HONG KONG (BLOOMBERG) – For almost a decade, Alibaba Group Holding and Tencent Holdings embodied China’s economic miracle, sustaining a dizzying pace of growth and approaching trillion-dollar valuations with splashy forays into every corner of the internet.

That spectacular run could officially end on Thursday (Aug 4), when the e-commerce powerhouse that Mr Jack Ma founded is expected to record its first-ever decline in quarterly revenue – one of the few major Chinese Internet corporations to do so, ever.

Fellow billionaire Pony Ma’s Tencent, the social media powerhouse, could follow suit days later.

The milestones are a reminder for investors that, after a government crackdown that wiped more than US$1 trillion (S$1.38 trillion) off their combined market value last year, Alibaba and its long-time arch-rival are shadows of their former selves.

Like the rest of the country, they are grappling not just with an uncertain regime but also Covid Zero and a consumer crisis that is testing the stability of the world’s No. 2 economy.

“It should not be surprising that the second quarter of 2022 will be one of the worst quarters since the pandemic for China earnings given the lockdowns, and tech is no exception,” said Bloomberg Intelligence analyst Marvin Chen. “Tech has also faced additional regulatory headwinds on growth prospects, which is a more structural and longer-term trend.”

The speed and ferocity with which Beijing clamped down on online commerce, car-sharing, food delivery and gaming irrevocably reset growth expectations for the industry last year. But Alibaba has taken a harder hit than many of its peers.

There was the tax evasion probe into celebrity live-streamer Viya, who once single-handedly moved US$1.2 billion of goods during Alibaba’s Nov 11 online bonanza.

Then, the nation’s technology watchdog suspended ties with its cloud business for late disclosure of a major software vulnerability, spooking potential clients.

In June, “Lipstick King” Li Jiaqi became the second major personality to vanish from Alibaba’s Taobao after apparently offending censors. And, just last month, cyber-security experts linked Alicloud to China’s largest cyber-security breach – a leak of records on a billion residents from Shanghai’s police database.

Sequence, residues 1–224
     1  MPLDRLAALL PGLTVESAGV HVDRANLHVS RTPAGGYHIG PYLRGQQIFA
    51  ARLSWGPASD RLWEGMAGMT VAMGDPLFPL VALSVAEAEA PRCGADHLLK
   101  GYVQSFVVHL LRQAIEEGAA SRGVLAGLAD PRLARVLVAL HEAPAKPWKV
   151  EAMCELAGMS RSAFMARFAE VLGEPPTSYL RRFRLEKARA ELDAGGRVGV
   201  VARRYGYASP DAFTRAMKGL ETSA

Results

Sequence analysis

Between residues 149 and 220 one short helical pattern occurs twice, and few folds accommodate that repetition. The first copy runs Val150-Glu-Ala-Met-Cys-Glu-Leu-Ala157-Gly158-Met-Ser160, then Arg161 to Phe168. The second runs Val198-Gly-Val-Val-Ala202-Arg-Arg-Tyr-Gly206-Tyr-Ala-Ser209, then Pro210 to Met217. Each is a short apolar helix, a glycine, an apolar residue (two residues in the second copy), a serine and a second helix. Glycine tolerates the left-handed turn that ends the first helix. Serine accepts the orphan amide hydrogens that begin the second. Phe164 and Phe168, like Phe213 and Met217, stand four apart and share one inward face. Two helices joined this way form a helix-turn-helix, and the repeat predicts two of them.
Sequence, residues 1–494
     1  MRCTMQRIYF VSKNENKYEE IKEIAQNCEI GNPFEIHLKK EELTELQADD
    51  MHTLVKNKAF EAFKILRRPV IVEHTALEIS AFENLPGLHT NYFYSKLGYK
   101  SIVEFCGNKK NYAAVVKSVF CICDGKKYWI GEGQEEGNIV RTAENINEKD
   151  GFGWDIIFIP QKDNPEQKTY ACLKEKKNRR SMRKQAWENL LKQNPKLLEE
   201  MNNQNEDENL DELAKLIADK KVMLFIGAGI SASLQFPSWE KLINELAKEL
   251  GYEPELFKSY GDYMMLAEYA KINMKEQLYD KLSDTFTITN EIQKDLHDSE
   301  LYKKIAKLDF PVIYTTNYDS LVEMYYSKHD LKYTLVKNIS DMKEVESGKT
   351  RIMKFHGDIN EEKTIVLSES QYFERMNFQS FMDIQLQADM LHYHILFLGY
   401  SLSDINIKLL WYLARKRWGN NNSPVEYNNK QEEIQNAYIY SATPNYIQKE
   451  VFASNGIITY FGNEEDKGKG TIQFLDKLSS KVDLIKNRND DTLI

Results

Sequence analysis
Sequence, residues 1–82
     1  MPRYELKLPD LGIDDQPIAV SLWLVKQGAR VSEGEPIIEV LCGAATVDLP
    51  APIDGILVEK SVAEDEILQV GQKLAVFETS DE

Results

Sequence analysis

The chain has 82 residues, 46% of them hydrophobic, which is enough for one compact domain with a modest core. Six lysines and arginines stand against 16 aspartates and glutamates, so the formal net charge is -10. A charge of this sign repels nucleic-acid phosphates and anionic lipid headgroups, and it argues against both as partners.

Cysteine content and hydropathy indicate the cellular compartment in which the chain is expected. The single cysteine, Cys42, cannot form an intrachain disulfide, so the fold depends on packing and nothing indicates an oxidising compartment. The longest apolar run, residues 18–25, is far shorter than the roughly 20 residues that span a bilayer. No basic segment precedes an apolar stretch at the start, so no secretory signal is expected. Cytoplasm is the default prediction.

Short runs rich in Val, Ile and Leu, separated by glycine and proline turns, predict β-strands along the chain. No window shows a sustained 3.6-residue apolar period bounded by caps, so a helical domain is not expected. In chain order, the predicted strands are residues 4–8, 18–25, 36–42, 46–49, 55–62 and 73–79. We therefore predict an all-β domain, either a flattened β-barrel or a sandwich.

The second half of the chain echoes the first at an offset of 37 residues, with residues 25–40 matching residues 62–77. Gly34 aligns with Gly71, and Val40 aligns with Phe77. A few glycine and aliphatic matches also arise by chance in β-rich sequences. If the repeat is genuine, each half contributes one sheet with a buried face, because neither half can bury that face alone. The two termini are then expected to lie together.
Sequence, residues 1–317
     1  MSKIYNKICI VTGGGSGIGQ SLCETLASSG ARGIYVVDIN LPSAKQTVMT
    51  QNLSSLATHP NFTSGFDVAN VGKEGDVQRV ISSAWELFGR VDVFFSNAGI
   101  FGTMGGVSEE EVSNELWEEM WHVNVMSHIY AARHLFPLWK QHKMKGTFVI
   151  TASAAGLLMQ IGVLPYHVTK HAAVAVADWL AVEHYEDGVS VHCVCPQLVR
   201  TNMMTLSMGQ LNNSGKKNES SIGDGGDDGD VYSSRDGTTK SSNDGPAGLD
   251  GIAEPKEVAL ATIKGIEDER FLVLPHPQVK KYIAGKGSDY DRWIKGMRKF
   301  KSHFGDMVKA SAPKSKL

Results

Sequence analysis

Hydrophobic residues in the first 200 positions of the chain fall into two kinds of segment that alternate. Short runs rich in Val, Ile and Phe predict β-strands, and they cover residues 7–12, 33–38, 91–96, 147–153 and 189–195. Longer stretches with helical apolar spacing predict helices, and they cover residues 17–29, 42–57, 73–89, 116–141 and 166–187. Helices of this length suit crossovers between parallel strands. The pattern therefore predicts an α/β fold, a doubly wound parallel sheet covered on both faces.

All that transpired as China narrowly escaped economic contraction in the second quarter, when rolling Covid-19 lockdowns depressed spending on everything from online content to apparel and electronics.

Once candidates to join the likes of Apple and Amazon.com in a select club of companies with trillion-dollar valuations, China’s largest Internet companies are now struggling to keep up with even the most staid utilities.

Analysts from Susquehanna to Deutsche Bank have scrambled to slash their targets as Alibaba continued to plumb new lows.

“It used to be the case where investors bought Alibaba and Tencent shares hoping their dominant positions in e-commerce, social and gaming would create synergy with their newer businesses and vast swathes of portfolio firms,” said DZT Research analyst Ke Yan. “But that’s a long-lost cause since the government tightening.”

Alibaba’s revenue is projected to slip 1.2 per cent to 203.4 billion yuan (S$41.7 billion) for the three months ended June.

Prospects at Tencent are not much better. Although regulators resumed approving new games in April after a months-long hiatus intended to curb addiction, the country’s premier developer has yet to win a nod for a single title this year. That is one reason analysts predict Tencent’s revenue will fall 1.7 per cent in the April to June period.

Market sentiment towards Chinese tech stocks swung wildly in recent weeks, reflecting a persistent struggle to juggle a torrent of negative signals with expectations that Beijing is finally easing up on its crackdown.

Alibaba rose as much as 6.5 per cent on July 26 after announcing its decision to apply for a primary listing in Hong Kong that paves the way for millions of mainland investors to directly buy the stock.

It surrendered those gains within days as investors assessed the implications of co-founder Mr Ma ceding control of Ant.

Compounding matters, Alibaba became the latest to join a growing roster of Chinese firms that face removal from United States bourses because of Beijing’s refusal to permit American officials to review their auditors’ work.